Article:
Is Your Organization Planning for the Future?
Nonprofits Need to Focus on Long-Term Financial Planning
By Thomas Jenkins, CPA, Director, Managed Services - Accounting
In the face of changes brought about by COVID-19, remote work arrangements, modified travel arrangements, and virtual conferences and meetings, it is imperative that nonprofit organizations look beyond the current year fiscal planning/budgeting cycle and anticipate future changes to revenue streams and cash flows. Is your organization focused on long-term financial planning?
For various reasons, many organizations have experienced a decline in donor funding and programmatic revenue. The global pandemic, inflation, and the virtual environment have pressured nonprofit organizations to diversify funding streams and explore new avenues to deliver programmatic impact. To do this effectively, organizations need to look beyond the typical 12-month planning horizon and build financial models that take into account the dynamic environment that exists today.
Though the annual budgeting cycle remains critical to any organization’s success, it is just a starting point. Organizations need to evaluate strategic initiatives and priorities in light of any perceived risks. Then, they have to be willing to pivot by exploring new ways to fund operations, conduct programs, and serve their constituents. The evaluation should focus on a three- to five-year time horizon and should include a flexible financial model that can be modified as circumstances change in the future.
Ready to get started building your long-term financial model? Keep these best practices in mind:
1. Does your organization have a long-range strategic plan?
This is the starting point for developing the financial model for the future of your organization. A strategic plan is a road map that ensures your organization’s activities are aligned with its mission. Strategic plans can take many forms, but given the current environment, a good strategic plan should consider how existing funding streams and programmatic delivery could be impacted by potential issues on the horizon. These could include inflation, a continued hesitancy to travel, virtual versus in-person attendance at meetings and events, etc. The plan should contain an analysis and evaluation of potential new funding streams as well as shifts in spending habits to mitigate the effects of these headwinds. While it is certainly challenging to anticipate what might happen in the next three to five years, it’s important to consider how the global pandemic impacted the organization’s mission and how the resulting ripple effects might necessitate a shift in resources or highlight a need for additional funding.
2. Develop a “base case” three- to five-year financial model.
Once the organization has developed its roadmap, it’s time to create a financial model that represents the strategic plan. Most organizations can accomplish this with a simple Excel-based model. The model should always start with the current fiscal year budget. Then establish the “most likely” set of assumptions and outcomes-such as shifts in resources and additional funding sources-identified in the strategic plan and model the revenue and expense by key financial statement line item in the three to five year time horizon.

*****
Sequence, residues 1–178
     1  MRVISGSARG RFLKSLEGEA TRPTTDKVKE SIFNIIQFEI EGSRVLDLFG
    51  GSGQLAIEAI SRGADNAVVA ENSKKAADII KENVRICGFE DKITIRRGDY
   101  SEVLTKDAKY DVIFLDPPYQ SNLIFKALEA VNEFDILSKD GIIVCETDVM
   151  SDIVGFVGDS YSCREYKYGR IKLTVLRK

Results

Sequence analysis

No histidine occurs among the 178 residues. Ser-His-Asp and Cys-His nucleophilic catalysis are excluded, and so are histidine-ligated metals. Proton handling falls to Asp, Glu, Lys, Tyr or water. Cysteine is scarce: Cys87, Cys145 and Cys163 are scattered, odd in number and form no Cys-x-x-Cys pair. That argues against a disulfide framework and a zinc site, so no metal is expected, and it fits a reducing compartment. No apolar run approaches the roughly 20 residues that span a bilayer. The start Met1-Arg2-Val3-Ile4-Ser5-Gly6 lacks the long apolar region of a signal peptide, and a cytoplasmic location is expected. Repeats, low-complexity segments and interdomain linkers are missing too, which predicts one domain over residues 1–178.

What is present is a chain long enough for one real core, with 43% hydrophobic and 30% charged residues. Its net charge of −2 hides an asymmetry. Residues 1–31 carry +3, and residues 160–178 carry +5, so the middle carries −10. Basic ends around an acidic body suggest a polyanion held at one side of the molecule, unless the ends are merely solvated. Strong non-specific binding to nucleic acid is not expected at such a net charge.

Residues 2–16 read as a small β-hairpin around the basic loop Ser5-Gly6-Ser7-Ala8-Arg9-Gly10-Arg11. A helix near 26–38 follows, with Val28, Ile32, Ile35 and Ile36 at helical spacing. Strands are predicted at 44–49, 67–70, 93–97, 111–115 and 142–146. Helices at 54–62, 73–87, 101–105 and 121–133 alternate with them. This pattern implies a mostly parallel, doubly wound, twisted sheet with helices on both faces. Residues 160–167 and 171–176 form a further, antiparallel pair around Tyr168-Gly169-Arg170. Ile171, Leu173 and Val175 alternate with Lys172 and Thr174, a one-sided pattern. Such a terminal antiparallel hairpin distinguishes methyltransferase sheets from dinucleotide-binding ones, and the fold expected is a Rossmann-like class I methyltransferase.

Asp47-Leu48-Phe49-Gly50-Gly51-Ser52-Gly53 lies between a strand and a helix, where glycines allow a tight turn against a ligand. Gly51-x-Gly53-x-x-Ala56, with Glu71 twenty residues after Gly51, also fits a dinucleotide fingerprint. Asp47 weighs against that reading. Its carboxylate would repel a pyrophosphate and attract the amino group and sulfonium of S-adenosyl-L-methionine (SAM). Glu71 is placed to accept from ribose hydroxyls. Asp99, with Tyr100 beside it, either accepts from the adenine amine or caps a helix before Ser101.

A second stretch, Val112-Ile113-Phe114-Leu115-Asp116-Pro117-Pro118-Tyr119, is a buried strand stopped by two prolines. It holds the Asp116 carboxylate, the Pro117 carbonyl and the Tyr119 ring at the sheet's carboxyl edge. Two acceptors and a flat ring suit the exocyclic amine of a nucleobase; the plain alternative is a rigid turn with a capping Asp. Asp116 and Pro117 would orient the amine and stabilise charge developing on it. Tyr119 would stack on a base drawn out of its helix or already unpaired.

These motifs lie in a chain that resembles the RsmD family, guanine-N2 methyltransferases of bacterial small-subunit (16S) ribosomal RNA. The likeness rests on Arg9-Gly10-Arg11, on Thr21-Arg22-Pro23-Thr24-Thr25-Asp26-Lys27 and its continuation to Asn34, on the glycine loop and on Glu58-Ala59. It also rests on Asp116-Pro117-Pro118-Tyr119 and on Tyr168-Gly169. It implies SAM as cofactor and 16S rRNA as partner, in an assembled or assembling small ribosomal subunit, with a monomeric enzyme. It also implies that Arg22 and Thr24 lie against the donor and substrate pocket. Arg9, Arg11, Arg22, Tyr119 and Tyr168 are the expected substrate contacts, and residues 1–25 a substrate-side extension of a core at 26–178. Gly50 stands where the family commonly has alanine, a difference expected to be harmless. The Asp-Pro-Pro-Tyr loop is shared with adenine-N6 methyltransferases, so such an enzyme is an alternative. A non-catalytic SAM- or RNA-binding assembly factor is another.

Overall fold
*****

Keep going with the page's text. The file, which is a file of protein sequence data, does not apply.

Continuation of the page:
3. Vary the financial model to include best-case and worst-case scenarios.
Based on the initial base-case assumptions, identify the activities or events that could improve the base case, as well as anything that could worsen the base case. Then, model these scenarios. For example, your organization may choose not to include certain funding sources or revenue streams in the base case, but you may want to include them in a more optimistic or best-case scenario. Of course, any additional costs associated with securing additional revenue, such as fundraising or necessary spending, should be factored in. Similarly, if your organization derives a substantial part of its revenue from conferences, meetings, etc., and the base case assumes a continuation of these activities, then the worst case may take into account additional costs to hold virtual events, lower event registration revenue, etc.
4. Monitor cash flow.
Does your organization have a cash projection model to monitor ongoing receipts and spending against the plan? This is essential to ensure adequate liquidity, and it also acts as a gauge against the current year operating budget. The cash projection model should be updated at least quarterly based on changing circumstances. It should contain anticipated receipts and spending by major financial statement line item on a rolling 12-month basis.
5. Before preparing next year’s fiscal year budget, dust off the three- to five-year financial model.
Update the long-term model based on changing circumstances and new assumptions. You should take into account the funding pipeline, successful new funding and programming initiatives, etc., and adjust year one in the long-range plan accordingly. Year one can then be utilized as the starting point for the new fiscal year budget.
Developing a strategic plan and a long-range planning model requires involvement and cooperation from your organization’s executive leadership team, its board of directors, and committees. Given our rapidly changing, high-pressure environment, proper long-range planning can be a key attribute in your organization’s ability to perform its mission and ultimately ensure its survival.